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IRS Removes "Section 385 Documentation" Requirements, Proposes New Rules on Distributions's picture
Commentary by Mark Howe

The IRS issued final regulations removing "Section 385 regulations" regarding specified documentation requirements. Section 385 provisions deal with the classification of related-party debt as debt or equity for U.S. federal income tax purposes. The new regulation is now in effect. The IRS also issued a proposed rulemaking that would modify Section 385 regulations regarding actual or deemed distributions. Comments on the proposed rule are due on February 3, 2020.

As previously covered, the Section 385 regulations are primarily composed of (i) rules establishing minimum documentation requirements that normally must be satisfied in order for purported debt obligations among related parties to be treated as debt for U.S. federal tax purposes, and (ii) rules that treat as stock certain debt that is issued by a corporation to a controlling shareholder in a distribution or in another related-party transaction that achieves an economically similar result. The applicability date of the requirements was delayed until January 1, 2019, due to concerns from taxpayers that there was not enough time to come into compliance.

Pursuant to Executive Order 13789, the IRS was instructed to review tax regulations issued since January 1, 2016 and correct any (i) "undue financial burden on U.S. taxpayers," (ii) complexities or (iii) overreach of statutory authority. The Treasury previously recommended that the IRS remove Section 385 and replace it with "streamlined documentation rules" on October 4, 2017.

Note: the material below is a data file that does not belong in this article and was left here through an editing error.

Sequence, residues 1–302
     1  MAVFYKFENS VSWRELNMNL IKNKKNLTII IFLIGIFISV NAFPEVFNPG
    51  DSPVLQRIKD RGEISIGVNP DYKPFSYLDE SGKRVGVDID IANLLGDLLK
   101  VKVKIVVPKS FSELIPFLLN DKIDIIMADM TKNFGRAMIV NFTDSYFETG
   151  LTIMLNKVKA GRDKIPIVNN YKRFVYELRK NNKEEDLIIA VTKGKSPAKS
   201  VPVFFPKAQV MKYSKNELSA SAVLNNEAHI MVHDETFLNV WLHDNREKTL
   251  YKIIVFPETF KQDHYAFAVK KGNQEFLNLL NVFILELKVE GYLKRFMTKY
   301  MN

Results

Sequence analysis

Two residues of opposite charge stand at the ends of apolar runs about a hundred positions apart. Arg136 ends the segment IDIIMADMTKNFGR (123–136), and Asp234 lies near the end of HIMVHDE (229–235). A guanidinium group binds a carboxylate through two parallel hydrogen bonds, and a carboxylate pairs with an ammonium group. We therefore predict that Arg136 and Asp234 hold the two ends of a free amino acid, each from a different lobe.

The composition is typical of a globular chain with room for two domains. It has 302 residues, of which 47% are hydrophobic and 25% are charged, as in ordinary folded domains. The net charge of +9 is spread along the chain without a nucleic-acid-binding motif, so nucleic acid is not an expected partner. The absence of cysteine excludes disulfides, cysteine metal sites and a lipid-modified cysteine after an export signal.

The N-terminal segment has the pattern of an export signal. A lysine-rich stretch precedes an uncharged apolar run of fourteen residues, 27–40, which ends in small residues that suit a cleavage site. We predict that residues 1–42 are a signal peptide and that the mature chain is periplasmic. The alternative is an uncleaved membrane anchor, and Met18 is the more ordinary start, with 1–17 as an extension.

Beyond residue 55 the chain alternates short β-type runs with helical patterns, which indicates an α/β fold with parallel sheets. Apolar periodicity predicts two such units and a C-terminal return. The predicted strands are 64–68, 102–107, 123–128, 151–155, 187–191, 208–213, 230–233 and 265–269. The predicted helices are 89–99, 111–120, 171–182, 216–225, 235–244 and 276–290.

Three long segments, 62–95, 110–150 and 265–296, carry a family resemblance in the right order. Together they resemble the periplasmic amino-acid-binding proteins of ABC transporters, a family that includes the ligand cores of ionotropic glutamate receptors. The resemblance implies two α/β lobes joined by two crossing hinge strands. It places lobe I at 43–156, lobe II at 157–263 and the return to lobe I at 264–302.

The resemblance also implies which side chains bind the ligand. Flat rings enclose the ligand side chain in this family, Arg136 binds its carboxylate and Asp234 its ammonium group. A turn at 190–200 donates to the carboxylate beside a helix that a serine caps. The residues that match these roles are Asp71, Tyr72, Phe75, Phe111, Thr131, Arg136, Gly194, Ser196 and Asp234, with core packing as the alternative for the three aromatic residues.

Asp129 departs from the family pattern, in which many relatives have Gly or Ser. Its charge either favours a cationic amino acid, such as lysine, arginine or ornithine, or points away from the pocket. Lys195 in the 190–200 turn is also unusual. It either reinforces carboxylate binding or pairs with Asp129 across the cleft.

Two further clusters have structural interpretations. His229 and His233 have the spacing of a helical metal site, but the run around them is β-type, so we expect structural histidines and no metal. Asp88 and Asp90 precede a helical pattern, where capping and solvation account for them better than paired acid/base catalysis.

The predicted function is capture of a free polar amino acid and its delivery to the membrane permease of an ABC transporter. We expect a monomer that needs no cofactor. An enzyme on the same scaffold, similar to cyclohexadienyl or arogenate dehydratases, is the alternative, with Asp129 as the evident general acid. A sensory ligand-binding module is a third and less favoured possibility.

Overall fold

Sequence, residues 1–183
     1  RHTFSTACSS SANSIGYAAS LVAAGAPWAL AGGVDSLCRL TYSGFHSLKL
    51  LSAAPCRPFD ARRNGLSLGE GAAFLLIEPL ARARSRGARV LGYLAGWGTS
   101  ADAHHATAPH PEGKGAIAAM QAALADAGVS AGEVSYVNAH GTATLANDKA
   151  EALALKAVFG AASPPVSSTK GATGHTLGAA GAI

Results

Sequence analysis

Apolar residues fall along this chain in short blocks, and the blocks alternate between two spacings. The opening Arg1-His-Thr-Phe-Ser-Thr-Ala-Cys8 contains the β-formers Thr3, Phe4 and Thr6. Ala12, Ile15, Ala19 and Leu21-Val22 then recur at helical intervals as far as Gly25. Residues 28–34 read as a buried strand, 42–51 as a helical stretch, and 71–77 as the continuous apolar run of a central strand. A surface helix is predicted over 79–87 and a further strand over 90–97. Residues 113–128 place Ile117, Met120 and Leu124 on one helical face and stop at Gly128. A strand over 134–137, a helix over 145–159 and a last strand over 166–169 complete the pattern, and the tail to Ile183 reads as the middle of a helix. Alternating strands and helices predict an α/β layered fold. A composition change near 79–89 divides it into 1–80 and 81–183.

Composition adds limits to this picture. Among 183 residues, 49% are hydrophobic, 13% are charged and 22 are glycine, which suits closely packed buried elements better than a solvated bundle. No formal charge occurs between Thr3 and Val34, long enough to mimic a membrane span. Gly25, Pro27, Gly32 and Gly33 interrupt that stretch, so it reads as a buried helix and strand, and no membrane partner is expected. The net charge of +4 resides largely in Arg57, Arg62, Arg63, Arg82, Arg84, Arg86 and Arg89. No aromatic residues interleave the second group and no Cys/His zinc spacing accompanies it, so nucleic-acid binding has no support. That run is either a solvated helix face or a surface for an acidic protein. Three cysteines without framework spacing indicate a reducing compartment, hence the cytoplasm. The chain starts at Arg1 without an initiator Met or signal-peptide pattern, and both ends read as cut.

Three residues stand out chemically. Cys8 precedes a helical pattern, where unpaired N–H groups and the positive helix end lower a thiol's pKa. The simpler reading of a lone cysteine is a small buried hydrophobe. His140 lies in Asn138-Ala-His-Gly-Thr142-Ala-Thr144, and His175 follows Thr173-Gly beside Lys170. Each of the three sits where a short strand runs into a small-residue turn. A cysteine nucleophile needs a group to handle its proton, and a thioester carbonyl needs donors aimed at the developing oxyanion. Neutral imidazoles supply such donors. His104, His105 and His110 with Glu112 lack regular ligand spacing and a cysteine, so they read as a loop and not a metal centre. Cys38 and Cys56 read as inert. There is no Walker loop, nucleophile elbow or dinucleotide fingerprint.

By this action, the IRS is enacting the Treasury's recommendation by removing Treasury Reg. 1.385-2 and adopting conforming amendments ("Documentation-Repealed Regulations"). Additionally, Treasury and the IRS provided notice that they intend to propose regulations that would replace parts of Section 385 concerning the treatment of certain interests in corporations as stock or indebtedness where an actual or deemed distribution to a related party is involved.


This partial rollback of the Section 385 regulations (which had been, in part, aimed at inversions) liberalizes the documentation requirements for intercompany debt and expands the circumstances where such debt may be respected. While this rollback is being justified by, among other things, the Tax Cuts and Jobs Act's ("TCJA"s) limitation on interest deductibility, reduction in U.S. corporate rates and move toward a territorial tax system, it remains to be seen whether much of the TCJA will survive the next two election cycles.

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